There’s three way you can sport this thing. As falls, as wigs or as temporary dreads. The good thing about all of them is that you don’t actually damage your hair and once you get bored with them, you can just replace them with another kind of extension, whenever you want. Obviously, it’s a bit of a work to do, but still, much easier, then getting rid of real dreadlocks. Falls are the best option, if you work already, or you go to a school where extreme hair isn’t approved. It’s basically a pony tail made out of dreads, and you attach and detach them to your hair as you like. The only disadvantage of falls is being too obvious. You choose wigs if you want a full head in dreads but can’t wear them all the time. If nicely done, it’s much less obvious then falls. You can use a wig no matter if you have too short hair, or diferent hair colour, as it won’t show at all. Sure, it’s a bit harder to make, but it’s worth the effort if you insist on having something different. Most of the time you just buy a simple wig in the colour you want and make dreads out of it, or attach dreads to it. Once you learned how to make dreads, it’s the easiest way to stand out with different hairstyles every weekend. If you’re free to do and to where whatever you want, the trendiest you can have is braided in dreads. There’s so many ways you can put dread in your own hair, i don’t want to list all of them. But still, the easiest way seem to be braiding them one by one to mops of hair. There are a few things you have to look out though. If you want a non natural colour, you better dye your hair that colour too. When you braid the dreads and your hair together, your real hair still shows a bit, it can look very disillusioning. Also, some peoples scalps just can’t cope with the weight of the dreads.

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When did you start making dreads? Ivy: It’s been almost two years now. I started in May 2004, although today I find myself laughing at my first creations. As I didn’t have any real help, I needed half a year to experience everything about it. I tried various types of hair and different methods of making dreads. What kind of hair can you make? Ivy: I make dreads from synthetic hair, within this I can make solid, swirled, blended and transitional dreads. How did it come to your mind to start a business like this in Hungary? Weren’t you afraid of a possible failure? Ivy: First I only made dreads for myself, and I didn’t even think of being able to sell it here in Hungary. A few months later though I started to receive the first orders from friends and from people who saw my hair on parties or on photos. So I knew it cannot fall through, and I hope it won’t in the future either. Do you have any ideas that you couldn’t realise yet, in lack of buyers?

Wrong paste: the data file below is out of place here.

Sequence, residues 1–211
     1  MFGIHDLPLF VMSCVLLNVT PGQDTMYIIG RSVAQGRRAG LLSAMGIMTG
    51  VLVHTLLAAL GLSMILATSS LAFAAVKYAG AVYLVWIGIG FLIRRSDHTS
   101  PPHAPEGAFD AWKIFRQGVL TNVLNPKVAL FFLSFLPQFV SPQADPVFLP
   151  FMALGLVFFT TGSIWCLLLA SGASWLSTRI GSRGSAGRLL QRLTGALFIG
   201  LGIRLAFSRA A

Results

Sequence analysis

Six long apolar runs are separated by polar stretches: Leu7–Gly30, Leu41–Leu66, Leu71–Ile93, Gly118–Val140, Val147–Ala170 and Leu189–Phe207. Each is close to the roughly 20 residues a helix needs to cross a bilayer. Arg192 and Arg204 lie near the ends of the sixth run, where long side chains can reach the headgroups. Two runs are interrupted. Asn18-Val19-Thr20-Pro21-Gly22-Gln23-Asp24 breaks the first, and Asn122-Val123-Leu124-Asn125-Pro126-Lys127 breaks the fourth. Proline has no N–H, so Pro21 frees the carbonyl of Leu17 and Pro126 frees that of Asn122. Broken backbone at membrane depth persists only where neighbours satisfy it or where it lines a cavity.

I would also like to make dread wigs, and plastic, loose and other extensions made of human hair. I hope soon there will be demand too, as for the last three, the conditions are given already. So how do people react on the streets seeing your creations? Ivy: The reaction is very mixed. Generally, it is being stared at and I get negative comments quite a lot. On parties these reactiony are much better, I met lots of my future costumers there. How do you see the future of fake hair here in Hungary? Do you think the market is big enough? Ivy: I wouldn’t call a ‘market” those few people who are interested in this kind of hair style. (I only mean dreadlocks, human hair extensions and braids are in fashion for a while now.) As the raw material is almost impossible to find in Hungary, and it’s not easy to get them from abroad either, there’s not much space for improvement. I reckon it stays underground for long years. Check Ivy’s Dare 2 wear website here: http://dare2wear.flux.hu/

So after during my two years in London I learned not to be surprised at anything that I see in terms of harstyles, I’m just surprised to see this style invade Hungary too. I talked to the ultimate Hungarian expert, Silver Ivy, who’s been creating dreads in the country for over a year.

Ivy: I have plenty of those. I’d like to make more colourful dreads, I’m bored of the black and one accent colour combinations. There’s not many possibilities for that yet, people aren’t tolerant enough here in Hungary when it comes to deviant hair, so my costumers prefer the more simple colour combos.

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DAISY (aka MANDRAGORE) began her career as a techno DJ in 1998 and now she’s one of the most prominent representatives of the industrial sound, not only in her homeland, France but on the whole European ground.